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1641 [1603]

Queene Mary. Disputation of Doct. Cranmer Archbishop of Cant. at Oxford.

Marginalia1554. Aprill.Cran. It worketh by institutyng, not by conuertyng.

Yong. The thyng signified in the Sacrament, is it not in that Sacrament?

Cran. It is. For the thyng is ministred in a signe. He foloweth the letter that taketh the thyng for the signe. MarginaliaAnswere to D. Yonge by Sainct Austen.Augustine separateth the Sacrament from the thyng. The Sacrament (sayth he) is one, and the thyng of the Sacrament an other.

West. Sticke to this Argument.

It is a figuratiue speach.

Ergo, it worketh nothyng.

Yong. But the speach of Christ is a workyng thyng:

Ergo, it is not figuratiue.

Cran. O how many craftes are in this Argument? they are mere fallacies: I sayd not that the wordes of Christ do worke, but Christ hym selfe: and he worketh by a figuratiue speach.

West. If a figure worke, it maketh of bread the body of Christ.

Cran. A figuratiue speach worketh not.

West. A figuratiue speach by your owne confession, worketh nothyng.

But the speach of Christ in þe Supper (as you graūt) wrought somewhat:

Ergo, the speach of Christ in the Supper was not figuratiue.

Cran. I aunswere: these are mere Sophismes: MarginaliaThe figuratiue speach worketh not, but Christ by the figuratiue speach worketh the Sacrament.the speach doth not worke, but Christ by the speach doth worke the Sacrament.

I looke for Scriptures at your handes: for they are the foundation of disputations.

Yong. Are not these wordes of Scripture: This is my body? The word of Christ is of strength: and by the Lordes wordes the heauens were made. He said: This is my body: Ergo, he made it.

Cran. He made the Sacrament: and I deny your Argument.

Yong. If he wrought nothyng, nothyng is left there. He said: This is my body. You say contrary to the Scriptures, it is not the body of Christ, & fall from the fayth.

Cran. You interprete the Scriptures contrary to all the old writers, and fayne a strange sense.

Yong. Ambros. De ijs qui initiantur sacris cap. 9. sayth: MarginaliaAmbros. De ijs qui initiātur, &c. cap. 9.De totius mundi operibus legisti, quia ipse dixit & facta sunt, ipse mandauit & creata sunt. Sermo Christi qui potuit ex nihilo facere quod non erat, non potest ea quæ sunt in id mutare quæ non erant? Non enim minus est nouas res dare, quam mutare naturas: Sed quid argumentis vtimur? suis vtamur exemplis, incarnationisq; exemplo astruamus mysterij veritatem. Nunquid naturæ vsus præcessit cum Dominus Iesus ex Maria nasceretur? Si ordinem quærimus, viro mixta fœmina generare consueuit. Liquet igitur ф præter naturæ ordinem virgo generauit: & hoc quod conficimus corpus ex virgine est. Quid hic quæris natnræ ordinem in Christi corpore, cum præter naturam sit ipse Dominus Iesus partus ex virgine? vera vtiq; caro Christi quæ Crucifixa est, quæ sepulta est: verè ergò illius Sacramentum est. Clamat Dominus Iesus: Hoc est corpus meum. Ante benedictionem verborum cœlestium alia species nominatur, post consecrationem corpus significatur. Ipse dicit sanguinem suum. Ante consecrationem aliud dicitur: post consecrationem sanguis nuncupatur. Et tu dicis, Amen: hoc est verum est. Quod os loquitur, mens interna fateatur: quod Sermo sonat, affectus sentiat. That is.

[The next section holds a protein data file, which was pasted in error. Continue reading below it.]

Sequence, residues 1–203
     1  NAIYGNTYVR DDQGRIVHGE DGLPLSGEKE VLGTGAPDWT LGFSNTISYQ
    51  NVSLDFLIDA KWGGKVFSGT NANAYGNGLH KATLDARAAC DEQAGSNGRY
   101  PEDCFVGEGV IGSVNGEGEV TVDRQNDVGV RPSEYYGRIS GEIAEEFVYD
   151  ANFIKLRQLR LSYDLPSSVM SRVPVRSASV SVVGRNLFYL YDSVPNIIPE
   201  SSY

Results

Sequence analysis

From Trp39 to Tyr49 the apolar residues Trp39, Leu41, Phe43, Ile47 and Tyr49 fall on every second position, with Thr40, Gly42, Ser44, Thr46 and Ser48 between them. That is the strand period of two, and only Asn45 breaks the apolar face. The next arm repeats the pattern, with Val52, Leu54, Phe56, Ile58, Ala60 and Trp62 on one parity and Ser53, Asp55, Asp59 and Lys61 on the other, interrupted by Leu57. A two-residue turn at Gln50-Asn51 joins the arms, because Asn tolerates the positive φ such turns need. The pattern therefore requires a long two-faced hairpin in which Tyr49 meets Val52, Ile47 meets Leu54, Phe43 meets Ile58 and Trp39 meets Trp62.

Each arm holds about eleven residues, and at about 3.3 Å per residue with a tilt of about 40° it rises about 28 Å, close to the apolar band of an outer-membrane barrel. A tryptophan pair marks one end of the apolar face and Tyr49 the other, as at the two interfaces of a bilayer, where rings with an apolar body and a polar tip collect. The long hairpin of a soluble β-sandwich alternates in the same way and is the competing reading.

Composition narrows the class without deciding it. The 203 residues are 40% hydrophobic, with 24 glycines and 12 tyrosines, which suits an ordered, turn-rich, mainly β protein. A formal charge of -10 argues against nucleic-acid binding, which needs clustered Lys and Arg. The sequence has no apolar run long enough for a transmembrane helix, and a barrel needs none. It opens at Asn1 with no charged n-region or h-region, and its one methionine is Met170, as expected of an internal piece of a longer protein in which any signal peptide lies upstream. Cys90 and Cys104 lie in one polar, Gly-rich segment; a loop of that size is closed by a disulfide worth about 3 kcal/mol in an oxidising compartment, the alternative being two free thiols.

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Thou hast read of the workes of all the world, that he spake the word and they were made: he cōmaunded and they were created. Can not the worde of Christ which made of nothyng, that which was not, chaunge those thynges that are, into that they were not? For it is no lesse matter to geue new thinges, thē to chaūge natures. But what vse we Argumētes? let vs vse hys own examples, & let vs confirme þe veritie of þt mystery by example of hys incarnation. Dyd the vse of nature go before, whē the Lord Iesus was borne of Mary? If you seeke þe order of nature, conception is wont to be made by a woman ioyned to a man. It is manifest therfore, that contrary to the * Marginalia* As Christ Iesus was conceaued agaynst the order of nature, so in the instituting of this Sacrament the order of nature is not to be sought. order of nature, a virgine did cōceyue: and this that we make, is the body of the virgine. What sekest thou here the order of nature in the body of Christ, when agaynst the order of nature, the Lord Iesus was concey-

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ued of a Virgine? It was the true flesh of Christ, which was crucifyed and which was buried: therfore it is truly the Sacrament of hym. The Lorde Iesus hym selfe cryeth: This is my body. Before the blessing of the heauenly wordes, it is named an other kynde: but after the consecration, the body of Christ is signifyed. He calleth it his bloud. Before consecration, it is called an other thing: after consecratiō it is called bloud, and thou sayest Amen: that is, it is true. That the mouth speaketh, let the inward mynd confesse: that the word soundeth, let the hart perceyue.